Published on January 27th, 20140
Those Wild Wyndhams: Three Sisters at the Heart of Power by Claudia Renton
Blurb: Three sisters – beautiful, cultured and aristocratic, born into immense wealth during the reign of Queen Victoria. Their dramatic lives are here unfolded in a rich historical biography certain to appeal to fans of Downton Abbey, ‘Georgiana’ and Stella Tillyard’s ‘Aristocrats’
Mary, Madeline and Pamela – the three Wyndham sisters – were painted by John Singer Sargent in 1899. For The Times it was, quite simply, ‘the greatest picture of modern times’. But these beautiful, fin de siecle gentlewomen came to epitomize a vanished world. The languor of their pose reflects the leisured, gilded, existence of the late Victorian aristocracy that was to be dealt a deathblow by the First World War.
Yet the lives of these three Wyndham sisters were far more turbulent than their air of calm suggests. Brought up in artistic circles, their childhood was liberal and romantic. Their parents were intimate friends with the Pre-Raphaelites and the girls grew to become leaders of the aesthetic movement. Bowing to convention, they made excellent marriages but found emotional support from others – Mary with Arthur Balfour and the poet Wilfrid Scawen Blunt; Pamela with Liberal statesman and ornithologist Edward Grey. Their liaisons shocked society, while the First World War devastated their way of life.
‘Those Wild Wyndhams’ is their first ever biography, and is based on the many letters they have left behind – compelling, humorous and brilliantly illuminating. This sparkling debut by Claudia Renton captures them and their age in an unforgettable piece of historical and political biography.
(William Collins, 2014)
Lara Feigel, The Observer
“Those Wild Wyndhams is a magnificent first book by the historian and barrister Claudia Renton. It is the startlingly intimate portrait of three sisters who were at the centre of cultural and political life in late Victorian and Edwardian Britain. This description, together with the unnecessarily florid gold writing on the cover, may imply an entertaining romp. In fact it’s something far more profound. Renton’s book has the wisdom, excitement and psychological depth of a very good novel. She succeeds in the difficult feat of combining the novelist’s art with the historian’s craft, laying her sources and workings before us.”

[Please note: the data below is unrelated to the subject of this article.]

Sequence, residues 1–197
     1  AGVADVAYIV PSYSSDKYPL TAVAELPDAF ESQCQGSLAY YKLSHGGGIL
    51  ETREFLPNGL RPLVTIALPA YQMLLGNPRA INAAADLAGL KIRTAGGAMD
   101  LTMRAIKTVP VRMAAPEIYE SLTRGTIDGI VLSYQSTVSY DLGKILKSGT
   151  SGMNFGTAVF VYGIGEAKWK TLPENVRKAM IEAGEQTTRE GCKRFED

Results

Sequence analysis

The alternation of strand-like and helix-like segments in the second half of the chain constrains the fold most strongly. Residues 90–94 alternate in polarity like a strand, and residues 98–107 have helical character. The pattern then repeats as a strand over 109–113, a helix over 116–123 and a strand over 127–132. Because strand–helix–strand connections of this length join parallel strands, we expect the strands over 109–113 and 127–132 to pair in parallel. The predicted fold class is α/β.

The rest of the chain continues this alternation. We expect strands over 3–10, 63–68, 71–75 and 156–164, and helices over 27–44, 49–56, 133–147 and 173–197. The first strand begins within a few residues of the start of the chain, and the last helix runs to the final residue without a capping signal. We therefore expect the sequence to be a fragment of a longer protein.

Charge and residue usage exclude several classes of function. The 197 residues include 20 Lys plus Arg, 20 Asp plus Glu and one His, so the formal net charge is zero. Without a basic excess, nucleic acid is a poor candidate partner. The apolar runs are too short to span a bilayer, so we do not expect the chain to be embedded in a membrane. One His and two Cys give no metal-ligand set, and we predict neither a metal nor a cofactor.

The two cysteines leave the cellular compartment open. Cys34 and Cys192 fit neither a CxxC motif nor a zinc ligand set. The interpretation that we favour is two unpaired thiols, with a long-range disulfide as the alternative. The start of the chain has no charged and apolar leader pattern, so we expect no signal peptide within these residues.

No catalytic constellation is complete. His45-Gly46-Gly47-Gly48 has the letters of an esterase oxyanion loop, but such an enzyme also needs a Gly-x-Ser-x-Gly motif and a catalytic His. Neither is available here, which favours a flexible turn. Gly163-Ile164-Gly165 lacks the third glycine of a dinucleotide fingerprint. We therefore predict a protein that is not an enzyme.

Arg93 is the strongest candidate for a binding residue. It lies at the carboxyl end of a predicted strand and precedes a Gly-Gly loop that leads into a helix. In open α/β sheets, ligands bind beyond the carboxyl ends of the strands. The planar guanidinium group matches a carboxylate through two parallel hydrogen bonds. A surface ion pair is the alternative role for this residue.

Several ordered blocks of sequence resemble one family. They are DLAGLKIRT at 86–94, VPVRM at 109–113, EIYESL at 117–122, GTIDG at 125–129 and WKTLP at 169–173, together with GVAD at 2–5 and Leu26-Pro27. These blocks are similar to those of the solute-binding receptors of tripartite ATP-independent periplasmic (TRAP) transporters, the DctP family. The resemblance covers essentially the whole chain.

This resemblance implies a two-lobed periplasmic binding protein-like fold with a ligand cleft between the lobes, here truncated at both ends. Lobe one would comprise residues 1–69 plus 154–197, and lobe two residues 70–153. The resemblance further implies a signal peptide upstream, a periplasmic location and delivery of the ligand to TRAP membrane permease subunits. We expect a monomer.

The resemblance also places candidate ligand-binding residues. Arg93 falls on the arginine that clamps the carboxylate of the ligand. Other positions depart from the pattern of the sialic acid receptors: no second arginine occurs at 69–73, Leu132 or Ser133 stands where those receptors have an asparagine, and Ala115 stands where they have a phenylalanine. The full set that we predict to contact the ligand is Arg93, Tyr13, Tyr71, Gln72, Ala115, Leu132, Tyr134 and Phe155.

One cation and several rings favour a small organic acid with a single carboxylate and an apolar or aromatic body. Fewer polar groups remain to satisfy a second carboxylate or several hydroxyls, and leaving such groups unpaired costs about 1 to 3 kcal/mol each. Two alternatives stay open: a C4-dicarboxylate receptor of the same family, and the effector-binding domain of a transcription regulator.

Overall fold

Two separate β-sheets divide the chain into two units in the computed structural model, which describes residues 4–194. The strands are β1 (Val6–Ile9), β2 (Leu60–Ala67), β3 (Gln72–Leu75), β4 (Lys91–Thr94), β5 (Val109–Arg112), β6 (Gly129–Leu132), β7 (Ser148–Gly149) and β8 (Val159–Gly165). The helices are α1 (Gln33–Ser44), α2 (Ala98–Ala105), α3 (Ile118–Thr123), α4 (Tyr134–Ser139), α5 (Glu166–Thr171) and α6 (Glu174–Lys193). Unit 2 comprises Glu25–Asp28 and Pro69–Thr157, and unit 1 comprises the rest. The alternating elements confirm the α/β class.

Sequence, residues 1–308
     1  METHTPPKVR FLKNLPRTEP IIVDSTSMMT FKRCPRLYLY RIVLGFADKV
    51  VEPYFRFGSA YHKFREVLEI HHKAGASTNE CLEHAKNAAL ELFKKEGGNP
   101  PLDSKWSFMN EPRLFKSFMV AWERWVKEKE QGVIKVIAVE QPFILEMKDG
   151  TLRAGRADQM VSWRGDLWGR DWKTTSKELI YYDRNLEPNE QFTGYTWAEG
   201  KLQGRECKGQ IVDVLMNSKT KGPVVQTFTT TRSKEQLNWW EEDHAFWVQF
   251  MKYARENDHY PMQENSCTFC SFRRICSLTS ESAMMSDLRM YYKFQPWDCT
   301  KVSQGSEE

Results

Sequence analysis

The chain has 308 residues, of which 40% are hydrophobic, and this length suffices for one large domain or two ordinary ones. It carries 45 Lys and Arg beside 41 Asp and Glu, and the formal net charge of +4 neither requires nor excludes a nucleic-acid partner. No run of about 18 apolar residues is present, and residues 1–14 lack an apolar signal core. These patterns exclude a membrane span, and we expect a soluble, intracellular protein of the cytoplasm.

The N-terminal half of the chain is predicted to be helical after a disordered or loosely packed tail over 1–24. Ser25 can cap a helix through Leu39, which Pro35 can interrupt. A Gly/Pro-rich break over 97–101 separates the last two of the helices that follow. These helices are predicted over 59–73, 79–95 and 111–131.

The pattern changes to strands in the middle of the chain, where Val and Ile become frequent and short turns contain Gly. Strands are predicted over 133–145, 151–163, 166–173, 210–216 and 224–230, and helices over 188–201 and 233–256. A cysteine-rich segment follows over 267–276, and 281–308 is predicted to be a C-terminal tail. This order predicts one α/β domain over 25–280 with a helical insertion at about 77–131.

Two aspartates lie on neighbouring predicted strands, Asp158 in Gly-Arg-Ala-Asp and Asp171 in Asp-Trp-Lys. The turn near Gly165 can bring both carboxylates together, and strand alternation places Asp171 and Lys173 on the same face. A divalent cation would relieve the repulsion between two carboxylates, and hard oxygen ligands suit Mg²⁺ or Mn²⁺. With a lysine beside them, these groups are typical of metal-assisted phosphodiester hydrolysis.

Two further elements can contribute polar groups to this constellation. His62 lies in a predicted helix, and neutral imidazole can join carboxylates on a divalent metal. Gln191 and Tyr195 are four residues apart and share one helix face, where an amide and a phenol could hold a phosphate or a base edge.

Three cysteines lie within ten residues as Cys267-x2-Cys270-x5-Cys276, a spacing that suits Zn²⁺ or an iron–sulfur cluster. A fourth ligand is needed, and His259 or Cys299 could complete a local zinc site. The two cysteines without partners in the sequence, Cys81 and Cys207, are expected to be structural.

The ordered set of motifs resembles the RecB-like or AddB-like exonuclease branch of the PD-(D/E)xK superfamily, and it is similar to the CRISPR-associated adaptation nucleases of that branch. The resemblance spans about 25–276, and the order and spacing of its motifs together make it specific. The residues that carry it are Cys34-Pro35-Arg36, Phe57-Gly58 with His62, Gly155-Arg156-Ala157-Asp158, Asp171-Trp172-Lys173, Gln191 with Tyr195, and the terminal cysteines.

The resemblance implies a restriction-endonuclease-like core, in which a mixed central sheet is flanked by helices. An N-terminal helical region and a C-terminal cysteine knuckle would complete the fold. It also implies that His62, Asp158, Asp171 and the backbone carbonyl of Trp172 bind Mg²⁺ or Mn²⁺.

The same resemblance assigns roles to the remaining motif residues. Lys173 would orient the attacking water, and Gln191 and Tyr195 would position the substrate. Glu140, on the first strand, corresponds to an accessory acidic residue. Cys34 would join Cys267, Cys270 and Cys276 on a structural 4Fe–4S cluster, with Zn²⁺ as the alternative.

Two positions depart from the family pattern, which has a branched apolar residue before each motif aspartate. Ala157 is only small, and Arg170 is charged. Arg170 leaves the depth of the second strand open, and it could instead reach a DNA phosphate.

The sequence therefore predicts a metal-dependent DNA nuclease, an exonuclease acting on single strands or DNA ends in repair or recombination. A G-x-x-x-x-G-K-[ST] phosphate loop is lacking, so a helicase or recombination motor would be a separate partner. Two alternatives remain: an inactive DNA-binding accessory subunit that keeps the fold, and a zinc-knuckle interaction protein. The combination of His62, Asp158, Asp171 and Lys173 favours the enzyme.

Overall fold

Jane Shilling, The Daily Mail
“With their aristocratic sense of entitlement, their vast wealth, their nursery nicknames, in-jokes and slang, and their extraordinary mixture of noblesse oblige and selfish immorality, such characters can seem dauntingly remote from our own experience. But Claudia Renton never loses sight of the bigger historical picture. She sets the sisters’ fabulously privileged and sometimes troubled lives against the convulsions of home and international politics through which they lived. The result is an impeccably researched, beautifully written and compellingly readable biography, whose only real flaw is a disappointing shortage of images of the beautiful Wyndham sisters.”
Juliet Nicolson, London Evening Standard
“Historian Claudia Renton’s first book is a magnificently skilful biography of this trio of sexy sisters and the politically turbulent context of their lives. It is based on scrupulous research and enriched by hundreds of deliciously indiscreet, disarmingly frank, pre-Mitfordian letters that cover every aspect of their private lives, from lovers and losers to contraception and childbirth. Renton demonstrates her scholarship with butterfly-winged elegance as she tells the story of a generation of Imperialist Victorians suffused with privilege, power, money and sex that eventually ended in tragedy … [A] wonderful book”
Alice Thompson, The Times
“Renton’s first book is impeccably rehearsed and researched. She is almost too obsessed by recounting the political goings-on of the age while skimming over the more riveting sexual preferences of a Prime Minister in an attempt to ensure the biography isn’t regarded as trivial. But the heartbreaking letters between the Wyndham sisters and their children during the war ensure this book was never going to be a raucous romp through the lives of the upper classes but a serious, spellbinding chronicle of the last days of the Edwardian England.”
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Simon Blow, The Spectator
“[A] lucid and superbly researched book”
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